The Rec Room: Where ComicsAlliance's Brendan McGuirk uses the stuff you already love to suggest the comics that you will.
If you like "Mad Men
," then try "Parker: The Hunter.
Both the AMC television series and Darwyn Cooke's comic adaptation of the Richard Stark crime novels are highly stylized portrayals of 1960's New York City where men are men, women are foxy and submissive, and the world is waiting to be conquered by those up to the task. The stories and genres may be very different, but the tones they strike are similar, and both are stories with leading men whose willful strength and pointed rigidity the world no longer accommodates. Bastions of their day, they are the unlikely heroes of a bygone era.
"Mad Men" centers on Don Draper, an aloof, smooth-operating ad man with the ability to get whatever he wants, simply by willing it so. Parker from "The Hunter" a is criminal in the noir tradition, a remorseless, a take-no-B.S. crook who allows nothing and no one get in the way of his vendetta. Both men are blank slates of a sort, who have no interest in sharing their pasts and personal histories, seeing them as a weakness to be amputated for the greater good. Steely and controlled, their emotions simmer under the surface, driving them but never ruling them as they let their actions do the talking.
Neither Draper nor Parker can be fully explained without appreciating the world surrounding them. They are misogynistic men who will accept nothing less than submissive deference from the women surrounding them, and their environment obliges. Nor do they only command respect from women; their super-masculinity is so imposing that it makes cowards out of any other men sharing the room. Simply put, these are alpha males. These are the men built the world, or at least the world as they know it, and as such expect obedience. And though both of these stories are set only 45 or so years in the past, the social rules of engagement are so drastically different that theirs feels like a wholly different world.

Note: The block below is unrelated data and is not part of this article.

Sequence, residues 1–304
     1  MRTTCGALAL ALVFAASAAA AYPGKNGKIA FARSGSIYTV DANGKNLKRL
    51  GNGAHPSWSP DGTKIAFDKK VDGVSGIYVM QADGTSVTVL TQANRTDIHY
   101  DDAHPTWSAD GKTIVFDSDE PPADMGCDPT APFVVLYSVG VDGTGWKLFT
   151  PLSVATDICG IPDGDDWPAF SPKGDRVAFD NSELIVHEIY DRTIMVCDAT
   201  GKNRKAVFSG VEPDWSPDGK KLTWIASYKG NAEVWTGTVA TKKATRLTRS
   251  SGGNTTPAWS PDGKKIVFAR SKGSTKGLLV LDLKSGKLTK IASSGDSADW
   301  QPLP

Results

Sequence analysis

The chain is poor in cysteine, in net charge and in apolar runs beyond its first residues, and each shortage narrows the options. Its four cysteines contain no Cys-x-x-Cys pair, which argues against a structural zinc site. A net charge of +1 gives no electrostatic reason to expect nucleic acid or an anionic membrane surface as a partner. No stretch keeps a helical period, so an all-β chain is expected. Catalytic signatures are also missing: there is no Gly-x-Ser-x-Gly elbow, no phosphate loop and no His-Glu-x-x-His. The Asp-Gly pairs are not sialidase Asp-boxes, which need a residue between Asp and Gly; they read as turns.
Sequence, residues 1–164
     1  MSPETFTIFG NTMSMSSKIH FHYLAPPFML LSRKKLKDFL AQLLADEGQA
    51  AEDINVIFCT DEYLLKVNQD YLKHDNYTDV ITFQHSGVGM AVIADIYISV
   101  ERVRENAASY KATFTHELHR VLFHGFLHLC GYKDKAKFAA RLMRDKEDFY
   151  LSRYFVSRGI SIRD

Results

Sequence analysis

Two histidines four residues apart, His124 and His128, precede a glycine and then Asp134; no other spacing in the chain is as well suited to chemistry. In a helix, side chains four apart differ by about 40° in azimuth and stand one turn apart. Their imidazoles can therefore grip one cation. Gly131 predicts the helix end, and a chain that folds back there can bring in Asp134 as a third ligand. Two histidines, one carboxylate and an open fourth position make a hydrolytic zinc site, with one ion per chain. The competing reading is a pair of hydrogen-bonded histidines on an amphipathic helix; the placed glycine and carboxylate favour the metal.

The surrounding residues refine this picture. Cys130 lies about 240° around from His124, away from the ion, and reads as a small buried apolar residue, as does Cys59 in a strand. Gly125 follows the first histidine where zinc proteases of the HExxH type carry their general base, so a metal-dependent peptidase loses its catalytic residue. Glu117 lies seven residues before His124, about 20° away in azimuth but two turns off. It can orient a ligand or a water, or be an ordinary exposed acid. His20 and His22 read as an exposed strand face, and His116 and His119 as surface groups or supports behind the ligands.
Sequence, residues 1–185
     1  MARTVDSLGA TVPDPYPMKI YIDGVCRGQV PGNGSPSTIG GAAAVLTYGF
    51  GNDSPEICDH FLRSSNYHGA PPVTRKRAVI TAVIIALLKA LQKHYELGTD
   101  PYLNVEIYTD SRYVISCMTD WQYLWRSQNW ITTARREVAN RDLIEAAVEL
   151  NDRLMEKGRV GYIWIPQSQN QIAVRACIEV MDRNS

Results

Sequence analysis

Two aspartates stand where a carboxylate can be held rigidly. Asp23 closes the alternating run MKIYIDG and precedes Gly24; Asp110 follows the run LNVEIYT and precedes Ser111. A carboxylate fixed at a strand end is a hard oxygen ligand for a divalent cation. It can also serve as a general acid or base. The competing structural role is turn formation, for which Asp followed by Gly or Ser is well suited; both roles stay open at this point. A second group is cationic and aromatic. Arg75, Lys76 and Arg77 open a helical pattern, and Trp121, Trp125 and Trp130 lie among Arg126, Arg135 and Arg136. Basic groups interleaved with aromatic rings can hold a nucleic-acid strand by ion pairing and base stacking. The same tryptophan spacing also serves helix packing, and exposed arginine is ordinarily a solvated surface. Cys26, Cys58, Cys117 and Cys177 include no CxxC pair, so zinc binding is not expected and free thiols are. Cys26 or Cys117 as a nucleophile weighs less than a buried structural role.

They make for hugely compelling leads largely because this, and how unlikely it seems that they could exist in the modern day. They represent an extinct breed of world-dominators, far different from our current era of committee mentality and manic neuroses. In fact, a major storyline of "Mad Men"'s first season is Draper's absolute dismissal of his wife's need for psychiatric care, so sure is he that people can control themselves purely through mental fortitude. Anything can be had, simply by deciding it, or taking it.
Of course, both Draper and Parker have their weaker moments: Draper faces a world that is changing all around him, with social and cultural revolutions that threaten his meticulously assembled persona of power, while Parker takes on the entirety of organized crime, equipped with his mighty fists alone, and bites off more, perhaps, than even he can chew. These moments are significant because they are so unusual, and that they contrast so sharply with their forceful presences.
If you were among the millions eagerly awaiting this past weekend's "Mad Men" premiere, you owe it to yourself to check out Darwyn Cooke's brilliant crime-noir piece, "Parker: The Hunter." It's the kind of book Don Draper would tell you to read. And if he told you to, you'd listen.